Korean Government May Owe Lone Star Funds Hundreds of Millions of Dollars

Another one of these long term anti-US issues has come back up again:

Leaders of Korea Exchange Bank’s union attempt to enter the building of the Financial Services Commission (FSC) in Seoul on Nov. 18, 2011, as the FSC holds a meeting to discuss whether to order Lone Star Funds to sell most of its stake in Korea Exchange Bank. The workers are calling for the authorities to impose a punitive measure against Lone Star’s stake sale, such as ordering the fund to sell its share on the market, in a bid to prevent the buyout fund from pocketing more than twice the money it spent on purchasing KEB stocks.

Lawyers for a Democratic Society (LDS) sent a letter to the International Center for Settlement of Investment Disputes (ICSID), Tuesday, demanding a speedy settlement of the dispute between the Korean government and the U.S. buyout fund Lone Star Funds over the sale of the Korea Exchange Bank (KEB).

“The process of the legal battle worth 5 trillion won ($4.68 billion) has been shrouded in secrecy since 2012, so we requested rapid processing under the principle of transparency,” Song Ki-ho, the chairman of the international trade committee at the LDS, told the Korea Times.

The nongovernmental organization has a special consultative status with the United Nations Economic and Social Council.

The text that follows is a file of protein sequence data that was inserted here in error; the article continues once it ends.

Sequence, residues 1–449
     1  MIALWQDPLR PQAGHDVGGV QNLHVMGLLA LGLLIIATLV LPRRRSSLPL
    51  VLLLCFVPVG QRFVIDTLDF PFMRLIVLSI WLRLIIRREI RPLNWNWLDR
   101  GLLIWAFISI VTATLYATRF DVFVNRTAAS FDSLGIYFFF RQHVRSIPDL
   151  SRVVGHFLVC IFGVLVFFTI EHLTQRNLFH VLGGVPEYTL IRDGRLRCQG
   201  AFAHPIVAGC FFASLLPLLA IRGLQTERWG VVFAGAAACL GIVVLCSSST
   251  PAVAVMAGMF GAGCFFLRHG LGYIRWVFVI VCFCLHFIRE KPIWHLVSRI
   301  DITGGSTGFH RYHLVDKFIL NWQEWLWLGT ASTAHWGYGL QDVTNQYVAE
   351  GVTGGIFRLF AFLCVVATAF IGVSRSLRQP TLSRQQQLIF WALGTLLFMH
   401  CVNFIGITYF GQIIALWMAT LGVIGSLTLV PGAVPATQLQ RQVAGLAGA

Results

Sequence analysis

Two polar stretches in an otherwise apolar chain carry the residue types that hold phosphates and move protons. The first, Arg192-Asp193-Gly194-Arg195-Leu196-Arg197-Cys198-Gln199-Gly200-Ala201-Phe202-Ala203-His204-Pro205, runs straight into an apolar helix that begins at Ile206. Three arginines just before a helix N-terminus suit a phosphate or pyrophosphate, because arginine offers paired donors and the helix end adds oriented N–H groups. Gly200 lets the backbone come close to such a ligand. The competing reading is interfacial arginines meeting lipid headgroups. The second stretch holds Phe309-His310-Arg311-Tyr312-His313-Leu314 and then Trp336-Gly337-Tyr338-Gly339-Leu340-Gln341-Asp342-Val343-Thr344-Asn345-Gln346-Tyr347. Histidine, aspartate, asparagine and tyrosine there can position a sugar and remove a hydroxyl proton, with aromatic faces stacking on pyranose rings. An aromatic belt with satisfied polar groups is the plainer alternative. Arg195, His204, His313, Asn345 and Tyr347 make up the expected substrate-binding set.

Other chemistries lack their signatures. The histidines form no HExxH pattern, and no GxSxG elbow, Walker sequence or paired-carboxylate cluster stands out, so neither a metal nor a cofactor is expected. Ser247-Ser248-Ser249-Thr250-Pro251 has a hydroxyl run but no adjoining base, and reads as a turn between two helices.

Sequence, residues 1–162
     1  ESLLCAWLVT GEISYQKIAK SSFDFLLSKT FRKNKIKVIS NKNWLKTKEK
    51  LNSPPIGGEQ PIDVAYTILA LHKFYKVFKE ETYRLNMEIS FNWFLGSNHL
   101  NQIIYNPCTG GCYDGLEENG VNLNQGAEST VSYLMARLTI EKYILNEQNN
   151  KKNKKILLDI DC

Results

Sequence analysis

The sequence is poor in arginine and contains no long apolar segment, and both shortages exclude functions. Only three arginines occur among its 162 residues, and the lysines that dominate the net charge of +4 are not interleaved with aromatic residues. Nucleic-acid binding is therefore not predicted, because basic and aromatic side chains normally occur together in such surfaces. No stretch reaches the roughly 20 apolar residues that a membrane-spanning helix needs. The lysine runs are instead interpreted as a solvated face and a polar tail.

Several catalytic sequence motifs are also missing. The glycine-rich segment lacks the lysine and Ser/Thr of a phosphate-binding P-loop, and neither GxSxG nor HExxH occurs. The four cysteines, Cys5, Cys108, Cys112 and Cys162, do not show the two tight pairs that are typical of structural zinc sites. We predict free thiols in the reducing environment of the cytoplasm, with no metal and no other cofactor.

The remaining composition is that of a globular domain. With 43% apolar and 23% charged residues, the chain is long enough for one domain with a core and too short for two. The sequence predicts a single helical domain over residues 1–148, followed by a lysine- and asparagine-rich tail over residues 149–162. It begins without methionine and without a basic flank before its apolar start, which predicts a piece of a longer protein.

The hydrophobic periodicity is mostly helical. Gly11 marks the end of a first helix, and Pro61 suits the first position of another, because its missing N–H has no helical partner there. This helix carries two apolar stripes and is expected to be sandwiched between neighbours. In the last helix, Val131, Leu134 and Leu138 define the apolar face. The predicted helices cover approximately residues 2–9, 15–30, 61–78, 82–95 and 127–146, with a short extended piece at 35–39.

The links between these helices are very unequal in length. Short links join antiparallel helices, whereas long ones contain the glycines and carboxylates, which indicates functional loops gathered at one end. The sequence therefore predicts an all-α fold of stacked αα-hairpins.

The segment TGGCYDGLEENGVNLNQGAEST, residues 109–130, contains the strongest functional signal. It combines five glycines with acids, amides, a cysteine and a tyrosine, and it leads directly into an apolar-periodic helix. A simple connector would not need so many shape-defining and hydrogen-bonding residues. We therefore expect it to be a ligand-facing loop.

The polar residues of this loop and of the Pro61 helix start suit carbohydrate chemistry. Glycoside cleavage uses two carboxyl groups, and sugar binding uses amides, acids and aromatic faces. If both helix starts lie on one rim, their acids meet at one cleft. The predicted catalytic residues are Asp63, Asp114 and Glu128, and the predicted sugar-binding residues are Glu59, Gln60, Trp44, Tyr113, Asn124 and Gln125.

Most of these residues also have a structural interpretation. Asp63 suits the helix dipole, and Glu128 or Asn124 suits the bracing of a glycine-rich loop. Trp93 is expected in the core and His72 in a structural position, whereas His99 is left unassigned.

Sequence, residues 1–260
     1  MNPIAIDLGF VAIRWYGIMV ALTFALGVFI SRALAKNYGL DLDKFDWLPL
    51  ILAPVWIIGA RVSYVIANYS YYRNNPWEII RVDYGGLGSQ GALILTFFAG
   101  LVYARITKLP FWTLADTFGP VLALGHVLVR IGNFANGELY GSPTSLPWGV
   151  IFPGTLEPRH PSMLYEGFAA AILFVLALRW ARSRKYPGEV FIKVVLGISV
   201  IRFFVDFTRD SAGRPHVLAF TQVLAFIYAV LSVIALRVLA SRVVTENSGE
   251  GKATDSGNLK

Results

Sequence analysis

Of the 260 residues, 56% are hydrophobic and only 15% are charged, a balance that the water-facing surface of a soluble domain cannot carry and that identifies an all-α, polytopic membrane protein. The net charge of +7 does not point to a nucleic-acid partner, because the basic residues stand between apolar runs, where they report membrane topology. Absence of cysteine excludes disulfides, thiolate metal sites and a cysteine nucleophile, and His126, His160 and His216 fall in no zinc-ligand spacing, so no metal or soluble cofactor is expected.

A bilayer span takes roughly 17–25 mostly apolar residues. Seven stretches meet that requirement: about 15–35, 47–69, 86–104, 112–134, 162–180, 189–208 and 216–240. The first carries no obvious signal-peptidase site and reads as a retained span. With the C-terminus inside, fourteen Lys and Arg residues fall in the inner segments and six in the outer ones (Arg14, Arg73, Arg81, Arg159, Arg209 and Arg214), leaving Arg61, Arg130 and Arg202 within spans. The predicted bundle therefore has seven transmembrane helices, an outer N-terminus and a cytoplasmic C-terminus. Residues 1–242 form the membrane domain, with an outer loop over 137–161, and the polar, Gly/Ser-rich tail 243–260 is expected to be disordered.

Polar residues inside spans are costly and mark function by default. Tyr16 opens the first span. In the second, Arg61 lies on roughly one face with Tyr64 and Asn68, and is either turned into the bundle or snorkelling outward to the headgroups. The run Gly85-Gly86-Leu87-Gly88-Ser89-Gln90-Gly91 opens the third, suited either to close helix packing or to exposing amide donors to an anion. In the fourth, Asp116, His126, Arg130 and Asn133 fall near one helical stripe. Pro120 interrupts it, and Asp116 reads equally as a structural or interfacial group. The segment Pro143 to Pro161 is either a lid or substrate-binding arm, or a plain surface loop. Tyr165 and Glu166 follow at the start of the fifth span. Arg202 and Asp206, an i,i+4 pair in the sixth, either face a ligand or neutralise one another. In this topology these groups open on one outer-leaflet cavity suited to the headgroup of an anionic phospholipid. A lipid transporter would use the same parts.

In 2012, Lone Star filed a request with the ICSID, claiming the Korean government should compensate it for the “belated” approval of its sale of its KEB stake to Hana Financial and return the taxes it paid during the delay.

The global private equity firm acquired a 51.02 percent stake in KEB from a German bank in 2003, but exited Korea in 2012 after selling the stake and gaining about 4.9 trillion won in profit.  (….)

Observers said the ruling will come around March this year and note the Korean government may have to pay Lone Star hundreds of billions of won in compensation. Some point out the government may claim a part of the money from Jun Kwang-woo, a former chairman of the Financial Services Commission.  [Korea Times]

You can read more at the link, but basically the crime Lone Star made was that it made too much money in Korea and then tried to take its profits outside the country.  Their sale of the Korea Exchange Bank led to large protests which caused the government to try and stop the sale any way it can.



I am a US military veteran that has served all over the world to include in Iraq, Afghanistan, and Korea. I have been blogging about Korea, Northeast Asia, and the US military for over 10 years.

One Comment

  1. No opinion on Lone Star; but unions always appear to be comprised of thugs.

    That they demand to be admitted to business dealings to which they have no part makes them unwholesome economic parasites; and that governments allow them to steal from workers and owners both has always bothered me.

    C’est la vie.

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